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My Job Went To India

samzenpus posted about 6 years ago | from the read-all-about-it dept.

Programming 396

Josh Skillings writes "The author, Chad Fowler, draws upon his experiences as a software engineer, a team leader over a group of Indian developers, and as a jazz musician, to describe 52 ways or tips that will help you to become a more valuable employee. These tips are described in two or three pages each, and are usually illustrated by a practical example or story. The tips are well thought-out, well-explained and make sense. Chad draws upon the open source movement as well, highlighting ways that contributing to and learning from open source can improve your career. These tips gave me greater respect and appreciation for the open source movement in general." Read on for the rest of Josh's review.Chad encourages the you to think of your career as life cycle of a product, and as such divides the 52 tips into the four areas of "Choosing Your Market", "Invest in your Product", "Execute", and "Market", and then two extra groups called, "Maintaining Your Edge", and "If you Can't Beat 'Em". This grouping works surprisingly well and provides an overarching context that makes sense. Many of the tips have specific calls to action at the end, which are useful if you don't already have ideas on how to apply the tip.

For example, under "Choosing Your Market", tip #7 "Don't Put Your Eggs In Someone Else's Basket", Chad encourages you to refrain from learning vendor-specific technologies that can disappear with the vendor, and then calls you to action by suggesting you write a small project in a technology that competes with the technology you are used to using. This will help you understand why the technology exists to start with and what opens your horizons for what might be coming next.

Under the section "Investing in your Product", tip #14 called "Practice, Practice, Practice", Chad offers suggestions on how software engineers can get even better by specific kinds of focused practice. The action items at the end of the section suggests practicing "Code Katas" katas similar to martial artists, but instead in code and in different languages.

With 52 tips, this book has a lot of tips, a tip for every week of the year, but you should expect to spend much longer than a week on most of them. A few of the tips you are probably doing already, but many of them you aren't. Some of the tips are fairly straight forward and easy to put in to practice. You could spend your entire life attempting and never achieve some of the other tips, such as tip #39, "Release Your Code." The ultimate goal of this tip is to be able to say in a job interview, "Oh, are you running Nifty++? I can help you with that- I wrote it." Chances are this scenario won't ever happen to you, but by working towards this goal in the ways the book outlines, you will definitely become a better, more valuable software engineer. Many of the tips will make you a better person in general, regardless of your career, such as tip #28, "Learn How To Fail", where Chad emphasizes how to fail gracefully and the rewards that can be learned from failure. This wide range of time, difficult, and application of the tips gives you something to work on today, next week, and next year.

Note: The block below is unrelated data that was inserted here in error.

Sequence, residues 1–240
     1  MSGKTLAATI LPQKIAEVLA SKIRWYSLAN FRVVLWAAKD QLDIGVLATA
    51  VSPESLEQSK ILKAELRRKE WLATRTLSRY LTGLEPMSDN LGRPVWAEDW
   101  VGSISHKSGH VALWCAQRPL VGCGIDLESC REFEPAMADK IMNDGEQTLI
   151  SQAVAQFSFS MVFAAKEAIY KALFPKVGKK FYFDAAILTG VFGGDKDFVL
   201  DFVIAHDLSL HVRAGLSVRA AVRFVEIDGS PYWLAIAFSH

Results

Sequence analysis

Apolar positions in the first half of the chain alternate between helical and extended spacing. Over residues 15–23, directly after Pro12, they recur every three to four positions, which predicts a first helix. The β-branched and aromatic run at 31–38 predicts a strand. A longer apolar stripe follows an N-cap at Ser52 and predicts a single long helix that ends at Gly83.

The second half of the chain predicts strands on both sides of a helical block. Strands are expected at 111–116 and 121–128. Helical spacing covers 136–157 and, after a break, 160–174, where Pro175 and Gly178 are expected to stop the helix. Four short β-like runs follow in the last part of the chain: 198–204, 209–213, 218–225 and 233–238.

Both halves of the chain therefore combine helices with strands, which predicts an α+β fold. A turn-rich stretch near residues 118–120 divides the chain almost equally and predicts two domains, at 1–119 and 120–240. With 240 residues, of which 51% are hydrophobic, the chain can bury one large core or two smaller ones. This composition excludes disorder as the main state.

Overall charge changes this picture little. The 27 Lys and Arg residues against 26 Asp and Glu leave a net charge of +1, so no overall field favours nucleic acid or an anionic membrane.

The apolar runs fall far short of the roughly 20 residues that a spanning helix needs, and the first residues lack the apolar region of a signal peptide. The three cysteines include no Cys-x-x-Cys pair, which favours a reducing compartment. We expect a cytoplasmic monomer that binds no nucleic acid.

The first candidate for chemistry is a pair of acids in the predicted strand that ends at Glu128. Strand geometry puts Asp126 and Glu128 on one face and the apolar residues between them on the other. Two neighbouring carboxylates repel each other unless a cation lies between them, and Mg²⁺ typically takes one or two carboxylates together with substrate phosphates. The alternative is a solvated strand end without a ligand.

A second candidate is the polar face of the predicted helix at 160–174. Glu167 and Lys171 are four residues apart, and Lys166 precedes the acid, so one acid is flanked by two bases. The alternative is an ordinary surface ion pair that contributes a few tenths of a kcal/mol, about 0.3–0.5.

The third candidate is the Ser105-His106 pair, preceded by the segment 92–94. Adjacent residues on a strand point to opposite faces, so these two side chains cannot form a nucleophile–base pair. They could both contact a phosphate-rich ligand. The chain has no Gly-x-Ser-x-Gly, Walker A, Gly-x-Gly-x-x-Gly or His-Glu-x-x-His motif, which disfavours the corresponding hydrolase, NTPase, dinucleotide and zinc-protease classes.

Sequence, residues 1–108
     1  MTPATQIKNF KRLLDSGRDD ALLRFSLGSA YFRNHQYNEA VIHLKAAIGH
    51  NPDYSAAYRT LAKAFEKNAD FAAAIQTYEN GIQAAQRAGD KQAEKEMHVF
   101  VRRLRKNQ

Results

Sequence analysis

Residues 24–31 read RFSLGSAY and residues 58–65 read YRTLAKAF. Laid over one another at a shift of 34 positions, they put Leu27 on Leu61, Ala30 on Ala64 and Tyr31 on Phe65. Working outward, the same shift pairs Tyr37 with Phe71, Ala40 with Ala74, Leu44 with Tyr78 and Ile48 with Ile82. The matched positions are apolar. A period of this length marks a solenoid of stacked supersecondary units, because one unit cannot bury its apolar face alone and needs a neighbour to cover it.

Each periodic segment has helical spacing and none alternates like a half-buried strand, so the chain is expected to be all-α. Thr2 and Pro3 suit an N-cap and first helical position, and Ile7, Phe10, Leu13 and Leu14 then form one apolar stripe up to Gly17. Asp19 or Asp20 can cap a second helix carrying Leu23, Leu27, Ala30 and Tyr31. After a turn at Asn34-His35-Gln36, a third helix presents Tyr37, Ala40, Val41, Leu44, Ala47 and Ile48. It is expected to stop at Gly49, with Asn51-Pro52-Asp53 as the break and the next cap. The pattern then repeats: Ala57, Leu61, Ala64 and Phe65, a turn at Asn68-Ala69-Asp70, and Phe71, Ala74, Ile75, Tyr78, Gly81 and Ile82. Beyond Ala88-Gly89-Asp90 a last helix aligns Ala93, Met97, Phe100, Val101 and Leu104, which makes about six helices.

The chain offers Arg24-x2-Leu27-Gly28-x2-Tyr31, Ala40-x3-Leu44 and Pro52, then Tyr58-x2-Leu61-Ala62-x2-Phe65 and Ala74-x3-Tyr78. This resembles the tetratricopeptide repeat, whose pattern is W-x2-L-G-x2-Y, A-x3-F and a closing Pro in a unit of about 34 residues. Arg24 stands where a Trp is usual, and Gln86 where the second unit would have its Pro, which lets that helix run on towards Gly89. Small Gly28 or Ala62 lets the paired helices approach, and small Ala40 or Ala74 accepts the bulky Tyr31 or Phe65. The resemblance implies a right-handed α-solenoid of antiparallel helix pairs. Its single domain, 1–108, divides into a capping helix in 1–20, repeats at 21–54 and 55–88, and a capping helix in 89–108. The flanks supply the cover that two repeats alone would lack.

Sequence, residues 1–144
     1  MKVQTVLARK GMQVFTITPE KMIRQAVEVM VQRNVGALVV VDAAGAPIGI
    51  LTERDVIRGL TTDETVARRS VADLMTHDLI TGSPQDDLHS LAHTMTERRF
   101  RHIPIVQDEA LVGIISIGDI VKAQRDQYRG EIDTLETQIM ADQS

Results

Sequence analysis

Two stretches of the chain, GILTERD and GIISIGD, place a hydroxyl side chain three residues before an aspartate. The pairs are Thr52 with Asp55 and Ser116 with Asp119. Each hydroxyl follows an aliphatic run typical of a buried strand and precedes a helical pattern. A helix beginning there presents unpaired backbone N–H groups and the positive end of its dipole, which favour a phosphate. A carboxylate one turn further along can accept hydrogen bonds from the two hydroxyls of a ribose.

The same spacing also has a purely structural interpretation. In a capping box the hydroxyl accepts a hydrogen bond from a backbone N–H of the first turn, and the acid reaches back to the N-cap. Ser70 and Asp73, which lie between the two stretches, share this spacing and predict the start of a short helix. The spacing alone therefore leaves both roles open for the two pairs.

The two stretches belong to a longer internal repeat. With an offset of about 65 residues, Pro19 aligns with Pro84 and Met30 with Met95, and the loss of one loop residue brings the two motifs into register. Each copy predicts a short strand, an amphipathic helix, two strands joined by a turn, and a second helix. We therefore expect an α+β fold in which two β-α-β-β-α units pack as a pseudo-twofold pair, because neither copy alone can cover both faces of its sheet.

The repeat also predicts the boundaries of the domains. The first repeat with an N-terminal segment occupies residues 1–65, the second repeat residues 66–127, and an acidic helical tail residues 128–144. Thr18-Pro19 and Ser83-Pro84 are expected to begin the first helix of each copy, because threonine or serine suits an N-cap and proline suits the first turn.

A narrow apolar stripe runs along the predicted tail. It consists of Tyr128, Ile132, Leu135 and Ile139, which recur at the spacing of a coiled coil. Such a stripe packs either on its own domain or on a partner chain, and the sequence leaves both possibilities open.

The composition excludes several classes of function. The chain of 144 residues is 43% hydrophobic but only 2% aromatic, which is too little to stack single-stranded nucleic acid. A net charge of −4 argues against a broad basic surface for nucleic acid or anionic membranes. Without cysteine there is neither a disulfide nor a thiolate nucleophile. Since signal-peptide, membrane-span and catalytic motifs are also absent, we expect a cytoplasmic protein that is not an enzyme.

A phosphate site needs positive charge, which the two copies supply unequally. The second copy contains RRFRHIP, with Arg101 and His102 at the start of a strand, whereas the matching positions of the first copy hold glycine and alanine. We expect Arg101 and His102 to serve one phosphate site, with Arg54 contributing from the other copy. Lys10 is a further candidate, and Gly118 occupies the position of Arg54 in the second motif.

The title of the book is silly. Yes, it was catchy enough for me to notice in the bookstore, with the red cover and the homeless (software engineer?) holding a sign, "Will Code For Food". So from that point of view, the cover worked. However, unless you've read the book, you might think it's as campy as the cover and wonder if it is somehow anti-Indian. I think a better title would be along the lines of "How to Get Any Job You Want", since if you can master all of these tips, you'll be the best there ever was.

While I didn't expect any specific technical advice, I would have liked some. I understand that an author needs to be sensitive to how fast technology changes, however just one tip with a warning: "This information is my opinion on April 11, 2007 and will probably change tomorrow". And then describes about how Subversion is a great tool, Python is a great language to learn, and learning design patterns can make your life easier, would have been appreciated. A tip like this would help you to understand the author a bit better and further encourage you to learn more.

If you want to improve yourself and you can accept advice, this book is for you. You will find things you can do better and skills you've never considered. Like some of the other Pragmatic Programmer books, I will never be able to master everything in this book, so I'll be reading this book again and again, trying to get better every time. Don't let the cover put you off, this is a great book.

You can purchase My Job Went To India (and All I Got was This Lousy Book) from Slashdot welcomes readers' book reviews -- to see your own review here, read the book review guidelines, then visit the submission page.

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First arrival (-1, Offtopic)

Anonymous Coward | about 6 years ago | (#24675575)

I am already there...

Re:First arrival (2, Insightful)

Jansingal (1098809) | about 6 years ago | (#24676095)

The best thing to do if you are in IT now, try to get out.
If you have kids, or know people you care about. DON'T let them go into IT, or major in it in university.

Re:First arrival (0)

Anonymous Coward | about 6 years ago | (#24676213)

And what would you suggest Obi Wan? Maybe Medicine? Law? Literature? Give some alternatives.

Re:First arrival (0)

Anonymous Coward | about 6 years ago | (#24677267)

I would suggest law. Once you pass the bar, you have a meal ticket for life, and almost assuredly a six digit salary in a few years, possibly seven depending on region.